Contributed by Prof. Jeffrey Ochsner
Architecture Professor Emeritus Wendell Harper Lovett (1922-2016), who taught at the University of Washington for almost half a century, died on September 18, 2016; he was 94. He is remembered by his many students and colleagues for his passionate commitment to architecture.
Wendell was born and raised in Seattle. He entered the University of Washington architecture program in fall 1940. By 1942 his student work showed his growing interest in the new directions of modern architecture. After military service during the Second World War, he graduated in 1947 with his B.Arch., also receiving a medal for excellence in design. Wendell went on to MIT where he earned his M.Arch. in 1948; one of his MIT student instructors was Alvar Aalto. On his return to Seattle, Lovett joined the Bassetti & Morse, where he remained for three years rising to the position of Associate. He also joined the faculty of the Department of Architecture as an instructor in fall 1948. Lovett was appointed as Assistant Professor in 1951, and was promoted to Associate Professor in 1960 and Professor in 1965. As a young faculty member, Lovett was known for his fierce advocacy of the modern movement and for his encouragement to students to use new technologies in their design projects.
Lovett left Bassetti & Morse to open his own firm in 1951. His first widely recognized project was the house he designed for himself and his family in the new Hilltop planned community in Bellevue. Completed in 1951, this project showed the influence of Mies and of the Case Study houses in California. It was published in Architecture d’Aujourd’hui and received a design award in 1953. Throughout his career, Lovett’s work would win many accolades and receive national and international publication.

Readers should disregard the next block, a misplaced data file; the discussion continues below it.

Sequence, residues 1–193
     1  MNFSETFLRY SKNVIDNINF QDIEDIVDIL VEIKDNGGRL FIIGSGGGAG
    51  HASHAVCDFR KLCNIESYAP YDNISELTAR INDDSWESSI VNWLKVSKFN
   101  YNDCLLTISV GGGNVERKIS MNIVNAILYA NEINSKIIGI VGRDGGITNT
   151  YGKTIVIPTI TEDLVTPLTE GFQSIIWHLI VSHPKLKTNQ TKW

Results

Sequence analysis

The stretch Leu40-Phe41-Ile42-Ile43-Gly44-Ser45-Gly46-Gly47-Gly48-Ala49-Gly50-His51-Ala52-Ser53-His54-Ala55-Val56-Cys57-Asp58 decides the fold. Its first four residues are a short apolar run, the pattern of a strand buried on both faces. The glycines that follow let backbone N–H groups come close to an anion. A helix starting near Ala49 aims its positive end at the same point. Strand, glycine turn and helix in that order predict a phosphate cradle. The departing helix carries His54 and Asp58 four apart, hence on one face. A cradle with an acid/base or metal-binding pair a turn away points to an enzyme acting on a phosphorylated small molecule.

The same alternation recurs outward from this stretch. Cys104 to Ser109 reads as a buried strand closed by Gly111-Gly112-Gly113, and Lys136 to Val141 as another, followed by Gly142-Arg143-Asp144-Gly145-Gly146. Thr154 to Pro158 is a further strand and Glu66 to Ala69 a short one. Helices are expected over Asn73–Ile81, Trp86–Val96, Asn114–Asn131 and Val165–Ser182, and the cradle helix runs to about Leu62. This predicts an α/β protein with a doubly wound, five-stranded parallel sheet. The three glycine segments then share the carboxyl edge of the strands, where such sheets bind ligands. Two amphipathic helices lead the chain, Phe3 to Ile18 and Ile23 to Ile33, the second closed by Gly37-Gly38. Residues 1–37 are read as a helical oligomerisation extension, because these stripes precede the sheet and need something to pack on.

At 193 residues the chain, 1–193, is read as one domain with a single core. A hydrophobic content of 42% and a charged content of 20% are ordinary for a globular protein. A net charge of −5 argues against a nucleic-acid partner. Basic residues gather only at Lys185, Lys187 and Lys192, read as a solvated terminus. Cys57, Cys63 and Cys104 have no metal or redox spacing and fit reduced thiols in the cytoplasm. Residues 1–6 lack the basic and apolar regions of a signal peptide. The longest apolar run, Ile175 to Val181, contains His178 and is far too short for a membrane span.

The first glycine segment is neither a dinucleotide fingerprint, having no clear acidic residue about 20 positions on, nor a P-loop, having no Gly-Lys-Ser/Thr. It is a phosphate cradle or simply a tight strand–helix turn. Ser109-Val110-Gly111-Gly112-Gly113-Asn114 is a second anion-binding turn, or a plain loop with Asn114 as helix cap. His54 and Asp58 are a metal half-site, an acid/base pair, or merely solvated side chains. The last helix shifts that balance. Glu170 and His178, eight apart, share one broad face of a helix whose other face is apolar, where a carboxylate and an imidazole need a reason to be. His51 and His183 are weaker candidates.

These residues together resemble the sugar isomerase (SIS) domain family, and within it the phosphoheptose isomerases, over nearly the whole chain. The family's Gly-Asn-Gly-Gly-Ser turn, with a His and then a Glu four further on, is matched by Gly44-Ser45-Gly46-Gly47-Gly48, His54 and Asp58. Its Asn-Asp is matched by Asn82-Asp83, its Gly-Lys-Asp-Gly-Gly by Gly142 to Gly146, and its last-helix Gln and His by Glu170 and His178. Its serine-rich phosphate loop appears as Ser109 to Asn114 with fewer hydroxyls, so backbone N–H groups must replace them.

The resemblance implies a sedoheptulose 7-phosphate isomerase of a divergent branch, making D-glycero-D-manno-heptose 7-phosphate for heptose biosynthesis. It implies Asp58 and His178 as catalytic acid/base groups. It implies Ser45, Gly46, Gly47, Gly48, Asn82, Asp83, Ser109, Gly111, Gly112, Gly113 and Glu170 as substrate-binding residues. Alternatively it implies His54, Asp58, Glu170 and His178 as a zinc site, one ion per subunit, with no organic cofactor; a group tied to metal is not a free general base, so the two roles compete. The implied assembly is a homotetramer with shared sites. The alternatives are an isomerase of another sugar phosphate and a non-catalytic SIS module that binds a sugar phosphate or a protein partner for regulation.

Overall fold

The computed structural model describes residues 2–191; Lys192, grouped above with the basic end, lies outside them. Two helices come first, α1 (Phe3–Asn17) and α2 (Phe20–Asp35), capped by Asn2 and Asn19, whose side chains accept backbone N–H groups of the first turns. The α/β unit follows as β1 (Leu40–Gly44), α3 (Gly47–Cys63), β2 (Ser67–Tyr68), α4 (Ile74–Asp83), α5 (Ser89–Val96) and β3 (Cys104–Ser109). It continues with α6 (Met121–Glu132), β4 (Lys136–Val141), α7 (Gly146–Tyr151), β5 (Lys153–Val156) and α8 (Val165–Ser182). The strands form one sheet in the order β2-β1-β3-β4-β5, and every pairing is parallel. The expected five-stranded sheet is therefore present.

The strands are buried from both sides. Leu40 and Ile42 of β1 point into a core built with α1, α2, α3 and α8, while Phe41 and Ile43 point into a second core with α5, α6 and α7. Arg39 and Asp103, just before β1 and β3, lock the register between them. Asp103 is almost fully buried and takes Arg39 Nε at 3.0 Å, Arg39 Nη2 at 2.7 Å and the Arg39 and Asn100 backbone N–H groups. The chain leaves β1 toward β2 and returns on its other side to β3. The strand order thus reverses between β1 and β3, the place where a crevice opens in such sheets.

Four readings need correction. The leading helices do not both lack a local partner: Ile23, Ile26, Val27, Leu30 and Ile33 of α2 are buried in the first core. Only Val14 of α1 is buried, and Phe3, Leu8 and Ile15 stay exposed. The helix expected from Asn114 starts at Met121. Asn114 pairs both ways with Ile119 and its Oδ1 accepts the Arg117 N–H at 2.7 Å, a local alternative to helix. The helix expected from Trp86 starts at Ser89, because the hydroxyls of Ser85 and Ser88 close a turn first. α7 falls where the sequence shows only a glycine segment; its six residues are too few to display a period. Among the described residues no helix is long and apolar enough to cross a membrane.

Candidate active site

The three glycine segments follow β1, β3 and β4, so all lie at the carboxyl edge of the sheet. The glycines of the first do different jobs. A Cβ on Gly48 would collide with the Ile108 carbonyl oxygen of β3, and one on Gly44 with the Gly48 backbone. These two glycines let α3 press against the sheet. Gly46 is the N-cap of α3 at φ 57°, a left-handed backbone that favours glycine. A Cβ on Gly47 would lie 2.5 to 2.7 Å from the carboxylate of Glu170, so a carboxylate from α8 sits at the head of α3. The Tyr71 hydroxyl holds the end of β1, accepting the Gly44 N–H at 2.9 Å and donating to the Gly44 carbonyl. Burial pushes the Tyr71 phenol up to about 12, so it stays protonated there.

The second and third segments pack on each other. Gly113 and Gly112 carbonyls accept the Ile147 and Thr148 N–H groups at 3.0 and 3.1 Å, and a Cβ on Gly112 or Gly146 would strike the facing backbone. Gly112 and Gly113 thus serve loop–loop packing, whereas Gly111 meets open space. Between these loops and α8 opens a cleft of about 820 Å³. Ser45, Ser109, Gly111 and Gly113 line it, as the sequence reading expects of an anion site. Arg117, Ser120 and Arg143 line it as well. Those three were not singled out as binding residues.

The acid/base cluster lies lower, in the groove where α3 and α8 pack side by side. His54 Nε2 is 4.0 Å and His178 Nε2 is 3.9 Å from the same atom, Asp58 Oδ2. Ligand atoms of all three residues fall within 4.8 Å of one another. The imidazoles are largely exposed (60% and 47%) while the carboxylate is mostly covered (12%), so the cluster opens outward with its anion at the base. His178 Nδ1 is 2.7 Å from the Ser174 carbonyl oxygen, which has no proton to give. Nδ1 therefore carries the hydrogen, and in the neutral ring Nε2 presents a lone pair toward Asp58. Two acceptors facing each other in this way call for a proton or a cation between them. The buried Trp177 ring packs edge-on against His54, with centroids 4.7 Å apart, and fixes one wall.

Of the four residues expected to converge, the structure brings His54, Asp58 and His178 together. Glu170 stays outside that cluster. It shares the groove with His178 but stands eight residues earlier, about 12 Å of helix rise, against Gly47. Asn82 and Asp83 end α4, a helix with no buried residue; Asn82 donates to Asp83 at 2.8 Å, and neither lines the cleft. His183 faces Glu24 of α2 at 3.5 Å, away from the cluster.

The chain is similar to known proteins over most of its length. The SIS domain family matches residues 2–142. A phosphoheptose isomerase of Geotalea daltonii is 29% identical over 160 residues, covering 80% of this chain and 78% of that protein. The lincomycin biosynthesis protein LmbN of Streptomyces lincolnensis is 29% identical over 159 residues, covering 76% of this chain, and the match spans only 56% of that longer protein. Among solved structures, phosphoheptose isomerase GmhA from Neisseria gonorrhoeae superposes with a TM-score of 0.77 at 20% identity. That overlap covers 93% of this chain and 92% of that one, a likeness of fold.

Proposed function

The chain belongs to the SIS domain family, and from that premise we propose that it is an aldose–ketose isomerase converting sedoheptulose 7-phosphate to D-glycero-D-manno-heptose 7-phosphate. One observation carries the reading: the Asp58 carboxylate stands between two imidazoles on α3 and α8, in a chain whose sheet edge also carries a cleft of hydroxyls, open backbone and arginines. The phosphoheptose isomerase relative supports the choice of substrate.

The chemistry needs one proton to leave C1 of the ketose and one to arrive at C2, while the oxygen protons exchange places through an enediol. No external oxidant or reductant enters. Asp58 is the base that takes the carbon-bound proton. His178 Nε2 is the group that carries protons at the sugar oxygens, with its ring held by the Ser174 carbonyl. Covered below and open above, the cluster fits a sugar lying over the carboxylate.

From 1959 to 1961 he was a partner in The Architect Artist Group (with Daniel Streissguth, Gene Zema, Gerard Torrence and Spencer Moseley) in the design of the Nuclear Reactor Building on the University of Washington campus (destroyed, 2016); Lovett is generally recognized as the lead designer on this project.
Lovett was always interested in product design as well as architecture. His earliest effort in this direction was the “Flexi-Fibre” chair (later “Bikini” chair) dating from 1954, which was displayed in Milan. In 1966 he created two metal fireplace designs, the “Firehood” and “Toetoaster,” for the Condon-King Company. These were later mass-produced and are now in widespread use.
As explained by Professor Emeritus Grant Hildebrand, Lovett was profoundly influenced by his year teaching at the Technical University of Stuttgart, with Professor Rolf Gutbrod, with the support of a Fulbright grant, in 1959-60. Lovett’s attention to the architecture of “enclosure” and “containment,” and toward spaces that he would later call “stop” spaces and “go” spaces, grew from this experience. His subsequent work moved away from an emphasis on transparency and technology and toward a focus on enclosed spaces, framed views and protected places. Hildebrand subsequently explained Lovett’s work after the mid-1960s in terms of “prospect and refuge.” This approach to design is evident in Lovett projects such as the Lauren and Ann Studebaker residence, Mercer Island (1969-71), Gerald and Jo Frey residence, Bellevue (1971-72), Max and Carol Scofield residence, Mercer Island (1974-76), Charles Simonyi residence, Medina (1986-89, and later), Cutler-Girdler residence, Medina (1995-97), and others. The Simonyi and Cutler-Girdler residences were later documented and analyzed in the book, A Thriving Modernism: The Houses of Wendell Lovett and Arne Bystrom, co-authored by Grant Hildebrand and T. William Booth and published by the University of Washington Press in 2004.